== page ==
Teaching Kids About Money: A Game

Teaching Kids About Money: A Game

We’ve already seen our first snowfall, pumpkin patches have appeared in parking lots, and squirrels are stowing food away for the winter. Halloween is nearly here! In preparation, I picked up an assortment of trick-or-treating candy last week. Chocolately, sour, and sweet, no little ghoul will be leaving my porch without a favorite. That also means my little ones will be coming home with their own orange Jack-O-Lanterns filled to the brim.

And I’ll make it a chance to seize a learning opportunity and continue something I began teaching them recently.

Game time

Not too long ago, we sat down, opened my wallet, and looked at everything in there. I counted bills, read names and numbers, and, eventually, put everything back into its place and quickly moved on to something a little more age appropriate.

But on that day, I may have learned something much more important than my kids. The daunting task — at least for me as a financial professional — of teaching children about money can and should be a game. And, importantly, this game can start much earlier than I think many would imagine.

Start with probably the easiest but — by far — most important money lesson: Saving it.

The game and how you play and apply it will, of course, grow along with your child. For more interesting ways to help you continue your child’s money education, check out Family Education’s Money and Kids page.

Find a container — be it a piggy bank or milk jug — and start investing in your lesson by contributing your loose change and even a few dollar bills that your child can have fun depositing into the container. Then, periodically empty the container with your child and identify, organize, and count the contents. After she or he redeposits the bounty and you help her or him apply copious amounts of hand sanitizer, deposit some interest as a reward for playing the game with you.

The thing with these early lessons about money is that so much crossover to other areas exists that you’re already hoping to teach your child that it’s a natural fit. From identifying shapes and sizes to counting, reading, and even learning a bit of history and math, early lessons concerning finances can pay off in so many ways.

A Halloween twist

It also makes a couple weeks before Halloween the perfect time to start playing the game with your child if you don’t already or pick it back up if you haven’t played in a while. Then, after trick-or-treating is over and your child is sorting candy into piles, reinforce counting skills by numbering how many of each type of sweet your child has and remind her or him of the similarities between those piles of candy and the types of money you count.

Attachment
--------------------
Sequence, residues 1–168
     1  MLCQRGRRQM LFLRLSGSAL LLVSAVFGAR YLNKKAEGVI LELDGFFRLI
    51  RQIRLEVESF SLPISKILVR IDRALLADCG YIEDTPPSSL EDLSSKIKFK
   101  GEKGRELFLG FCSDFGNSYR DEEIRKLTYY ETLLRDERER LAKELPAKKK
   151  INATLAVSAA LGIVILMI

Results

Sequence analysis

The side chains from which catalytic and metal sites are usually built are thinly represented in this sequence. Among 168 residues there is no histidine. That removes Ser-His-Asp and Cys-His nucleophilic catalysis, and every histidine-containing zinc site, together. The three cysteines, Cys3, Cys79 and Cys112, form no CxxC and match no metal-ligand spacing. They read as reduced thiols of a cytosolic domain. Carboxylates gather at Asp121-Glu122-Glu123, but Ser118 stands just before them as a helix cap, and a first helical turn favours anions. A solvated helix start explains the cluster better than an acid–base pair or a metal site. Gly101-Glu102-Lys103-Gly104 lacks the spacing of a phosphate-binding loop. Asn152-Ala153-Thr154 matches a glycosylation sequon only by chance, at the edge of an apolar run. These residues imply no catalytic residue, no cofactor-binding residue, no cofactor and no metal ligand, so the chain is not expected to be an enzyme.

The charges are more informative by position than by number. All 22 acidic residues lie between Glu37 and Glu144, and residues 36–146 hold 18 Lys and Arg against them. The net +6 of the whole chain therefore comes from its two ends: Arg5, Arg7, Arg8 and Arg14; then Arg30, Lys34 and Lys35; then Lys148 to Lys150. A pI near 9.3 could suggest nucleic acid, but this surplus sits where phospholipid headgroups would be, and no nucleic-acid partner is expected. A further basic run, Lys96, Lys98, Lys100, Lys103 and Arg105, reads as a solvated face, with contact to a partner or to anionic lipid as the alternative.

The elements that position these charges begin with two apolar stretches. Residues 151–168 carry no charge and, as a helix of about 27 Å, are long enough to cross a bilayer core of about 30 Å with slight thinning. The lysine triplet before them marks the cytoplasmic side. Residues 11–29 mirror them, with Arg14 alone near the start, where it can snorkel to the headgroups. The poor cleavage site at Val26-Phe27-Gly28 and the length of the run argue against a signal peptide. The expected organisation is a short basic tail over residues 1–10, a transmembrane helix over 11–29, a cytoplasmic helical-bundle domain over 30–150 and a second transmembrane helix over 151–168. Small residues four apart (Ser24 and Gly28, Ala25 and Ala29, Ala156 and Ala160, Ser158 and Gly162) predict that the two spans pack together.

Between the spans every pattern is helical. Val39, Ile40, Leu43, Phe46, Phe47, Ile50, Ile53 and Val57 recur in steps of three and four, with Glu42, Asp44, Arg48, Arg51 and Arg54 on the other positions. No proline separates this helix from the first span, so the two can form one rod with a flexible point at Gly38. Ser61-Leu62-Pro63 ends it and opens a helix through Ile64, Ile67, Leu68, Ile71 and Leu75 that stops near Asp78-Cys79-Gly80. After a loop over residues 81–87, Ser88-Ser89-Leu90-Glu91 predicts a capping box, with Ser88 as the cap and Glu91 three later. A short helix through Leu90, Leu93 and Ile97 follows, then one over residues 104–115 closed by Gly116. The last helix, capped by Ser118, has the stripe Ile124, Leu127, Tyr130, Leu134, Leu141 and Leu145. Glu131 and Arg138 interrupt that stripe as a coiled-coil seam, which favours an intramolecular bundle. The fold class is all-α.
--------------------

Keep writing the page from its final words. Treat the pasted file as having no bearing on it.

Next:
To take the game a step further, you can offer to buy some of the treats, allowing your child to add to her or his savings — and subtract from the sugar rush. You can offer prices that reflect her or his likes and dislikes: a nickel for taffy, a dime for candy corn, a quarter for fun-sized chocolate bars. You could even offer to sell your own trick-or-treating leftovers — but your favorites just might be worthy of fetching a pretty penny, allowing your child to improve her or his decision-making skills.

By playing — and adding new elements to keep it interesting — you’re able to explain why the game is so important and start to allow your child to distinguish between needs and wants as well as how to spend within her or his means.

Whether you want to teach your children about money or learn something new yourself, I’m here to help. 

If you have financial planning questions, just ask! Interested in meeting with me to begin the path to your financial future? I’m accepting new clients, and you can start by taking a look at the How It Works page to learn more. Then, simply schedule a time for a no-cost web or in-person financial planning consultation.

Jason Speciner
Jason Speciner

Jason Speciner is a CERTIFIED FINANCIAL PLANNER™ professional, an Enrolled Agent, and the founder of fee-only firm Financial Planning Fort Collins. He is also a member of the National Association of Personal Financial Advisors (NAPFA), Financial Planning Association (FPA), and XY Planning Network. Since 2004, he has served clients of all ages and backgrounds with unique experience working with members of generations X and Y. To learn more, check out Jason's blogs and see the media he's been featured in.